Acrylic Sport Surfaces

Are Acrylic Sport Surfaces Breathable And Permeable?

Question:  Are acrylic sport surfaces breathable and permeable?

Answer: Yes, SportMaster 100% acrylic sport surfaces are breathable and classified as semi-permeable.

Acrylic Sport Surfaces for Athletic Surfacing

SportMaster Sport Surfacing systems are produced using high-quality, 100% acrylic resins.  This is the industry-standard for sport surfacing on asphalt and concrete tennis, basketball, pickleball, and many other athletic and recreational court surfaces.  One of the main reasons for this is the fact that 100% acrylic resins are semi-permeable and allow a small to moderate amount of vapor transmission.

It is important to know that this does not mean you can have poor drainage and slope on a court surface and expect the acrylic coatings to “fix the problem”.  As a leading producer of acrylic sport surfaces, we strongly recommend following the construction guidelines of the American Sports Builders Assocation (ASBA).  The ASBA maintains an updated library of publications that demonstrate the right way to build tennis, pickleball, and athletic courts, along with running tracks and other recreational surfaces.  If athletic surfaces are not properly engineered, drained, and constructed, our (and any other) sport surfacing systems may exhibit bubbles, blisters, or failure.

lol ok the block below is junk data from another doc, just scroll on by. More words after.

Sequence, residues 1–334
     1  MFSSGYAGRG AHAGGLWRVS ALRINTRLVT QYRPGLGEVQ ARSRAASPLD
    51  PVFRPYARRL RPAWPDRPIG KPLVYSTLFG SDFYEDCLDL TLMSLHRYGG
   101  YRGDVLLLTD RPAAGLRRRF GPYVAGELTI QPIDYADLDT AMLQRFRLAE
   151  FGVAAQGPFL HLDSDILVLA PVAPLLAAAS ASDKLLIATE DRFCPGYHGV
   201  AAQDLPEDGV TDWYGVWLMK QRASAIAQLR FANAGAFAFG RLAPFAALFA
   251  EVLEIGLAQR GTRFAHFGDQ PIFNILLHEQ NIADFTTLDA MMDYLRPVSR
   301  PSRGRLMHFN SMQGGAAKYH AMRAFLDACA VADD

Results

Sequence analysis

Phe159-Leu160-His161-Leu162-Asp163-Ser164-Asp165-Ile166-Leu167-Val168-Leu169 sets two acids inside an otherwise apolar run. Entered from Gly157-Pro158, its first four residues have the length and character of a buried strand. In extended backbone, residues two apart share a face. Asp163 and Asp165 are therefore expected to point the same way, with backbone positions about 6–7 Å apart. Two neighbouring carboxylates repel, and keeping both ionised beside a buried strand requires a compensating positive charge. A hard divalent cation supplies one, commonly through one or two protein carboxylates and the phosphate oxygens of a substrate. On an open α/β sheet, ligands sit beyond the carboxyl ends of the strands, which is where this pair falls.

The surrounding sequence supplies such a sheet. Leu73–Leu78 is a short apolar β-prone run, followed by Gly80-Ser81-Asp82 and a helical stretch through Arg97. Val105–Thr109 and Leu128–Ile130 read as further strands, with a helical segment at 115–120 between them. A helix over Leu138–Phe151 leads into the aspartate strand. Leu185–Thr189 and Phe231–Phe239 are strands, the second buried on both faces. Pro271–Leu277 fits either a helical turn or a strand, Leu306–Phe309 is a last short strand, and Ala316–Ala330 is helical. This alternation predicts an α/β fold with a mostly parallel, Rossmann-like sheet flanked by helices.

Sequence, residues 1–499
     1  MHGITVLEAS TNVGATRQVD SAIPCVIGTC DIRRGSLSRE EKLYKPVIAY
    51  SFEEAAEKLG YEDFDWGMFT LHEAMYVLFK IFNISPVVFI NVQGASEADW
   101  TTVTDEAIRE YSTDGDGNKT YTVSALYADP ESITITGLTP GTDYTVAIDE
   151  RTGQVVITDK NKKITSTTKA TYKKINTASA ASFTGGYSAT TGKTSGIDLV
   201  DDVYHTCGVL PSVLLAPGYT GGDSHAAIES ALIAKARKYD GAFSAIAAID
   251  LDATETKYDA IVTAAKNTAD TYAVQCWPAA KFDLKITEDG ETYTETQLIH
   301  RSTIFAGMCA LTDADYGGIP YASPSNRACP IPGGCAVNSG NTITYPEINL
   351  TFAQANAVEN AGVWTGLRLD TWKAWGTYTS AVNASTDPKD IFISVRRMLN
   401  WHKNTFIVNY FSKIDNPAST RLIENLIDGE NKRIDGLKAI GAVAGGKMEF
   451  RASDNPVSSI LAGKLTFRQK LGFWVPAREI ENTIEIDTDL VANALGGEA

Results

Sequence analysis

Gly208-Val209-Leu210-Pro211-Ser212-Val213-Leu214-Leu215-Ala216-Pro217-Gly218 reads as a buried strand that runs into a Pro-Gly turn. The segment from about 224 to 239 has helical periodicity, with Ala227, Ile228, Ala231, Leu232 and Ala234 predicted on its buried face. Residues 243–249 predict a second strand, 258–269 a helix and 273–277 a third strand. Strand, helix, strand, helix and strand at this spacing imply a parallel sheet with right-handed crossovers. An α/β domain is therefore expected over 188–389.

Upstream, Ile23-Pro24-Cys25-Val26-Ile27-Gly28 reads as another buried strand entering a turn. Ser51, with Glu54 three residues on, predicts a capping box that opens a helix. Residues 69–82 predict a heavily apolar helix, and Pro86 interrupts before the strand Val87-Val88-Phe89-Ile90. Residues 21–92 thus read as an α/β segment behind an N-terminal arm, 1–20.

Multi-sport acrylic surfaces

 

Asphalt & Concrete Athletic Court Construction

The recommended slope, for asphalt & concrete athletic court construction, is 1%.  This should be 1″ fall per every 10 feet of surface, in one direction.  This is enough pitch to allow runoff of water, without creating issues for the players.  Courts will be able to drain quickly and re-open for play.  Plus, acrylic coatings do not like to be constantly submerged, or the coatings will start to breakdown and wear at a quicker rate.

It is very important to have a professional drainage plan and make sure that water coming off of the court doesn’t accumulate beneath the slab.  Perimeter drains or other drainage plans, to take the water away from the courts and into the drainage system, is necessary.  Concrete courts should also be built with a vapor barrier to prevent hydrostatic pressure, in the form of water vapor, beneath the slab.  When the sun heats up the court surface, sub-surface water turns to vapor and creates vapor pressure to escape.  If enough water builds up beneath the slab and pushes upwards, it can create bubbles and blisters in the coatings and lead to peeling.

Important Factors For Sport Surfacing Success

    • Consult an experienced sport architect/engineer
    • Hire a qualified sport construction & surfacing contractor
    • Stick with 100% acrylic primers and coating systems throughout the entire sport surfacing system.
    • Follow the manufacturers specifications and recommendations
    • Don’t cut corners on proper construction and drainage.  It will only cost you more down the road

SportMaster Tennis Court Surfaces

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